Reports revealed that the latest satellite images showed Saudi Arabian sites “previously constructed with Chinese assistance” where the missiles were being built. “Satellite photos taken by Planet, a commercial imaging company, between October 26th and November 9th show a burn operation occurred at a facility near Dawadmi, Saudi Arabia, according to researchers at the Middlebury Institute of International Studies, who told CNN this is ‘the first unambiguous evidence that the facility is operating to produce missiles’.” The “key piece of evidence” is that the facility is operating a “burn pit” to dispose of solid-propellant leftover from the production of ballistic missiles. The crux of the CNN report is: “Considering the facility in question was built with Chinese assistance and new intelligence assessments showing Saudi Arabia has recently purchased sensitive ballistic missile technology from China, it is possible that the missiles being produced there are of Chinese design…” It is now a given that US intelligences agencies were aware of the Saudi Arabia-China “collaboration” for missile building in 2019. Then U.S. president Donald Trump soft-pedalled the issue inviting Democrat criticism that he was too soft on the Middle-Eastern kingdom.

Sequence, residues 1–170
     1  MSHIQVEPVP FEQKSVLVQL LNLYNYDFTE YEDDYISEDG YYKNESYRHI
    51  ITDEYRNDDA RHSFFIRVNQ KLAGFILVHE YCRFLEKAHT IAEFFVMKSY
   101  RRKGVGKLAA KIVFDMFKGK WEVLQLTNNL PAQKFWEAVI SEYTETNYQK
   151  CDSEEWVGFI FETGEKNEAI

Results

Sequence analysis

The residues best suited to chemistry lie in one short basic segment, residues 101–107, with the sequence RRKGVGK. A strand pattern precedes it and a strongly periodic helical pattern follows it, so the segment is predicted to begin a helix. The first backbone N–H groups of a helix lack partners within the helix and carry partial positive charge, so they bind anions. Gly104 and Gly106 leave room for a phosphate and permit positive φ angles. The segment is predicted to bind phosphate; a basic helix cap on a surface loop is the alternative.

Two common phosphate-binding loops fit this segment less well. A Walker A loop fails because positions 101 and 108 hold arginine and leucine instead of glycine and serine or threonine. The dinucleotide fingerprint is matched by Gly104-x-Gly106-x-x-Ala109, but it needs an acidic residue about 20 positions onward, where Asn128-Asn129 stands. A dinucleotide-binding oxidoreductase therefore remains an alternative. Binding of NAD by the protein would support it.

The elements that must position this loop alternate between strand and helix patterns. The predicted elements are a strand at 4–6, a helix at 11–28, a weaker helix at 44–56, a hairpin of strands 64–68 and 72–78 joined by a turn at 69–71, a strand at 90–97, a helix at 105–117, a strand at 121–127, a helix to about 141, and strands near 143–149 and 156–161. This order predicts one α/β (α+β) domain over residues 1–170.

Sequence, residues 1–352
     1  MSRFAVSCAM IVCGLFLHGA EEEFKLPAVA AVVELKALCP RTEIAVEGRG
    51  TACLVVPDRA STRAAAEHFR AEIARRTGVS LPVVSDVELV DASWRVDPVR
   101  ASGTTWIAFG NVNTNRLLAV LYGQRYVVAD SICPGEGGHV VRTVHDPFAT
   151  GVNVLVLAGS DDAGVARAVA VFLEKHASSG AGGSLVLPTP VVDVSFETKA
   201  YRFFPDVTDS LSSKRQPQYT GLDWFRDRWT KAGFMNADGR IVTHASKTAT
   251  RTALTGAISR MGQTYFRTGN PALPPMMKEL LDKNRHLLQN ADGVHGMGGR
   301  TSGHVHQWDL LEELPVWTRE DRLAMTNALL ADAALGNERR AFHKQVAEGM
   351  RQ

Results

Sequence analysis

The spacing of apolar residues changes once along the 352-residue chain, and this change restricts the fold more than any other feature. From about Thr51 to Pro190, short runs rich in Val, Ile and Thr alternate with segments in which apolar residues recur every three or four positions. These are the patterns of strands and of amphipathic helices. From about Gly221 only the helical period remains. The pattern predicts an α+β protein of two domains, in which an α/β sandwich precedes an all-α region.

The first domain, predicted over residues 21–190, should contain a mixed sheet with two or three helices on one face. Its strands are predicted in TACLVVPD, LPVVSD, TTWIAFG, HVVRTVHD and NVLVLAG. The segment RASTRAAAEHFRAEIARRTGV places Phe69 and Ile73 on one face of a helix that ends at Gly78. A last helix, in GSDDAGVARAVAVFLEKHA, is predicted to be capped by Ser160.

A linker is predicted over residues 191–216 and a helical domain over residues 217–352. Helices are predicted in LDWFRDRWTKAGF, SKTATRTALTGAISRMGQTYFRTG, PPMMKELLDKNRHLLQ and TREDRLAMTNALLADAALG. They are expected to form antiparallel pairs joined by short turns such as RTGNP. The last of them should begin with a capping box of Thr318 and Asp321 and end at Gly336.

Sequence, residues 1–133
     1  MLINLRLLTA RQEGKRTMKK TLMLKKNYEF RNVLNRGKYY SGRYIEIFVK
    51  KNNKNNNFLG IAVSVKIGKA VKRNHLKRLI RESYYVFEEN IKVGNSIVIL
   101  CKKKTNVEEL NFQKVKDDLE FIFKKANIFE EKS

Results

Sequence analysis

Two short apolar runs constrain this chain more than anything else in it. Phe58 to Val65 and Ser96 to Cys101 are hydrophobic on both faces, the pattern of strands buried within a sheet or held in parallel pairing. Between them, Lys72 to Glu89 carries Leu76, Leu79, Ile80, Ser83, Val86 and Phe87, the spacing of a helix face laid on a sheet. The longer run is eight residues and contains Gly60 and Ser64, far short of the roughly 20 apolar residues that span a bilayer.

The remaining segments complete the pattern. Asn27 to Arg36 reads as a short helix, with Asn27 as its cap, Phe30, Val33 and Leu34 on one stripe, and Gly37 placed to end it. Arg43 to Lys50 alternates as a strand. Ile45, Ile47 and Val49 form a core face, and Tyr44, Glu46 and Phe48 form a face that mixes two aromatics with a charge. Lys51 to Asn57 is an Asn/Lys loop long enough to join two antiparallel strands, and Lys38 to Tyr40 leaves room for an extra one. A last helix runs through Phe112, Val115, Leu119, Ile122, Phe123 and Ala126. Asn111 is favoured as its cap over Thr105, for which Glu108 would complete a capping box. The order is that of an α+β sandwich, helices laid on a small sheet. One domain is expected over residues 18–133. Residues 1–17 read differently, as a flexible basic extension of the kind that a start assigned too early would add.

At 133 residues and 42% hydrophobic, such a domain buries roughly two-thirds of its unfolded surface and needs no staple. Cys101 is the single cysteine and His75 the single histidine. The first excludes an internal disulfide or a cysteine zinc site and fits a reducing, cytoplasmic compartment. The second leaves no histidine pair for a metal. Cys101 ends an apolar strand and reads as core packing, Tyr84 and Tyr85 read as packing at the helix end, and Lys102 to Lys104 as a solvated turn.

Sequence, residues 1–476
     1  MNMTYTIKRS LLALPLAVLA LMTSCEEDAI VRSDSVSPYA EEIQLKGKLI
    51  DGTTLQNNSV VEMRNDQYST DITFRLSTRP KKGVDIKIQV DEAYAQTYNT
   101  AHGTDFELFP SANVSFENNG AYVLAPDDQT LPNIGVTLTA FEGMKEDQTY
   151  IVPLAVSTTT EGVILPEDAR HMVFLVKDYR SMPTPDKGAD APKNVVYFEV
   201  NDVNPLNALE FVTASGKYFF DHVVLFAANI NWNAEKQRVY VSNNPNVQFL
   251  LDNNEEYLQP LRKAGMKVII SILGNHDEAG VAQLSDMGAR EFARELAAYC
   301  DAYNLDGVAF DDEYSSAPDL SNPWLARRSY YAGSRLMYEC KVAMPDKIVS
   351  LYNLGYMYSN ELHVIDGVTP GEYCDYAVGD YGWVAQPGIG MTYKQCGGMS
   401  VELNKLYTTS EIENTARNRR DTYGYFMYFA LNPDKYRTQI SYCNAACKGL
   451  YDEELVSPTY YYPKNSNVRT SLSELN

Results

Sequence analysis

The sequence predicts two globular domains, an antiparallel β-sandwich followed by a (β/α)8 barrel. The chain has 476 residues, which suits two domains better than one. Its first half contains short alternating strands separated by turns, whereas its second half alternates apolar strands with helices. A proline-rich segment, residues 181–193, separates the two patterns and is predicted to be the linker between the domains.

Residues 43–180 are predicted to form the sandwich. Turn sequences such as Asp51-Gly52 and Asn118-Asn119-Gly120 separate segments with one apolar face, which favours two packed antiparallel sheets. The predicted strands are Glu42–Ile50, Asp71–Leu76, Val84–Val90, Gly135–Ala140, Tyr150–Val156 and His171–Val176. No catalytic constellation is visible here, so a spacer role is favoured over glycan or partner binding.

The Saudi ballistic missile program has heightened concerns among members of US Congress over a “potential arms race in the Middle East”. The CNN reported in 2019 about the apprehensions: “While the Saudis’ ultimate goal has not been conclusively assessed by U.S. intelligence, the sources said, the missile advancement could mark another step in potential Saudi efforts to one day deliver a nuclear warhead were it ever to obtain one.” In a 2018 interview to CBS show “60 Minutes”, Saudi Arabia’s Crown Prince Mohammed Bin Salman made it clear that “should Iran obtain a nuclear weapon, Saudi would work to do the same”.
Two reasons are being put forward for Saudi’s ballistic missile program. The first is that though Saudi is among the biggest buyers of American arms, it is barred from purchasing ballistic missiles from the US under regulations set forth by the 1987 Missile Technology Control Regime. Secondly, with the U.S. gradually withdrawing itself, politically and physically, from the Middle East theatre, China quickly entered the picture as if to fill the gap and engineered a working relationship with Saudi on the missile program. As first Barack Obama and then Donald Trump initiated the U.S. policy to disengage from the Middle East, China’s influence in the region has been growing, also in tandem with the Belt and Road Initiative (BRI).